When it comes to the various CSS preprocessors that are available today, I think one of the dangers that we – as developers – face is using certain features that were not previously possible in vanilla CSS as a sort of crutch.
By that, I mean that I think that we have a tendency to fall back on things that we’re used to in our server-side environments as opposed to practices that are more preferential on the client side.
For example, I there are things that we used to do – or should be doing – with class names as opposed to mixins, but may not end up falling back to using mixins as opposed to more general classnames.
Using Mixins in CSS
To make my point clear, it’s important to understand what mixins are, as they relate to CSS preprocessors.
Mixins allow you to embed all the properties of a class into another class by simply including the class name as one of its properties. It’s just like variables, but for whole classes. Mixins can also behave like functions, and take arguments, as seen in the example below.
The emphasis added is mine, and that’s because I where find differentiating between when to use element class attributes and styles, and when to use mixins for styling can become a bit middled.
The Purpose of Class Names
Remember from way back when – or not so way back when ;) – preprocessors didn’t exist, HTML elements afforded two methods by which we could identify them:
And remember that IDs should be unique to a given element whereas a class attributes are applied to a more general collection of related elements.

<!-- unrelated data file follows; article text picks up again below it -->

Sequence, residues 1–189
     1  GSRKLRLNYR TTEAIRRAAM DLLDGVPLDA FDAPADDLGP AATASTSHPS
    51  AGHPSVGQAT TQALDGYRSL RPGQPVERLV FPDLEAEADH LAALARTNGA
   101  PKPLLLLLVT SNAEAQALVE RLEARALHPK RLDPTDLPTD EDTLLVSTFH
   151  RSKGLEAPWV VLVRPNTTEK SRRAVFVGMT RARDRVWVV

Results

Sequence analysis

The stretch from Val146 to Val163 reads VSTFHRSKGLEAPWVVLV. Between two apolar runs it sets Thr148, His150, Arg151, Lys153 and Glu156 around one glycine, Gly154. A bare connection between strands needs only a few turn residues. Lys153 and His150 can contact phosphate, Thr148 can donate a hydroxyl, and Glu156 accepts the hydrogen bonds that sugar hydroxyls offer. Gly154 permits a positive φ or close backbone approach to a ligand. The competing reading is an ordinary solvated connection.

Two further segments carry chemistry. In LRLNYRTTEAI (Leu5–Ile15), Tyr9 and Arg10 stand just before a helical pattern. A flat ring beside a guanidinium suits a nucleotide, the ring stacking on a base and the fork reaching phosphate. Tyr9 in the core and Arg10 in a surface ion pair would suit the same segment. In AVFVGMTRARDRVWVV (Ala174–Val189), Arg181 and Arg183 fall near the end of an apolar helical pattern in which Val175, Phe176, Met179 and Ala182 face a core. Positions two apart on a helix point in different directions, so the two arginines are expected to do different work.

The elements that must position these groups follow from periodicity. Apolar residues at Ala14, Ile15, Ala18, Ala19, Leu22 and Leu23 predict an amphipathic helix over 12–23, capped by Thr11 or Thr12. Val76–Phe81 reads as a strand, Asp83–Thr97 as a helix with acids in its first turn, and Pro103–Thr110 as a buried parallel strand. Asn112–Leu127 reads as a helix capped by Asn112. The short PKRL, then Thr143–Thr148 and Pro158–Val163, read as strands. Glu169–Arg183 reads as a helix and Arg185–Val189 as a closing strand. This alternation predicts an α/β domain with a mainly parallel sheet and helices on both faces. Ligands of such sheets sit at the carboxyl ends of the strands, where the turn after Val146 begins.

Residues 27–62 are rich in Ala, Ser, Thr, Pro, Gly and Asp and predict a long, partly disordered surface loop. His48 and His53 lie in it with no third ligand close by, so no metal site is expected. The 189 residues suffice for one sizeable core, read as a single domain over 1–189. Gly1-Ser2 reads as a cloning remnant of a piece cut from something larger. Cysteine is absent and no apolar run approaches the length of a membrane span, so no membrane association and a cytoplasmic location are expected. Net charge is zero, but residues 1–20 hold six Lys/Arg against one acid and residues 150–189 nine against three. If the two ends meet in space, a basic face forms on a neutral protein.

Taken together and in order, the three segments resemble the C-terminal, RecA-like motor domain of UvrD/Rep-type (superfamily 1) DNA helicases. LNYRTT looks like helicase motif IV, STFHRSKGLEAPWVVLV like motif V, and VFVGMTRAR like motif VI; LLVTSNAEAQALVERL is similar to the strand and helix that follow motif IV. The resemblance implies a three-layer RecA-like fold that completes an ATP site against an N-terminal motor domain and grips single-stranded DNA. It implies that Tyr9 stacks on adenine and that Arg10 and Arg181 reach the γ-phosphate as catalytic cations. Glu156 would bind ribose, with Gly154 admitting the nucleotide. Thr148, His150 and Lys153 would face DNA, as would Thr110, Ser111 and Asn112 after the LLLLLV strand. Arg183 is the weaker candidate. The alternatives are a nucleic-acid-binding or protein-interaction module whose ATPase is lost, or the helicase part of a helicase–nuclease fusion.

For example, on a blog, you may have a one comment form – perhaps identified by
#commentform – but multiple fields for users to fill out – such as
.comment-inputs for the name, website, email, and so on.
At this point, the
#commentform should be styled using a unique set of a styles, whereas
.comment-inputs can be given styles that will apply to general elements.
How Do Mixins Impact This?
From a developer’s standpoint, I’m finding that it’s becoming increasingly easy to use mixins as a crutch for replacing what should be relegated to classes – we end up taking elements that have a variety of ID’s and then styling them using a set of mixin.
For example, using mixins to style a collection of unique elements may look like this:
But isn’t that something should should be applied to markup through the use of
When Are Mixins Appropriate?
There are generally two cases that I believe mixins are appropriate:
- When you need to perform some type of calculation on a set of styles before applying (that is, parametric mixins)
- When you have a subset of styles that you want to apply to elements regardless of their
So, practically speaking, let’s say that you want to apply something such as
border-radius to a number of different elements. In this case, the code may look like this:
Of course, this can be taken even further by having the mixin accept a parameter and letting the radius be calculated based on the parameter.
Don’t Mix Up Mixins
This is a short and potentially less complete post than it should be, but the point should be clear enough: Just because we have the ability do things with mixins that were once accomplished using proper semantic naming doesn’t mean that we should avoid the initial strategy.
So here’s the rule of thumb: If you need to style a collection of elements with something similar, then use the
class attribute. If you have a set of individual, yet unique elements – perhaps text-shadow – that may be applied to certain paragraphs or spans, but that don’t necessarily need to be semantically defined in the context of the markup.
Mixins should enhance what’s already in place.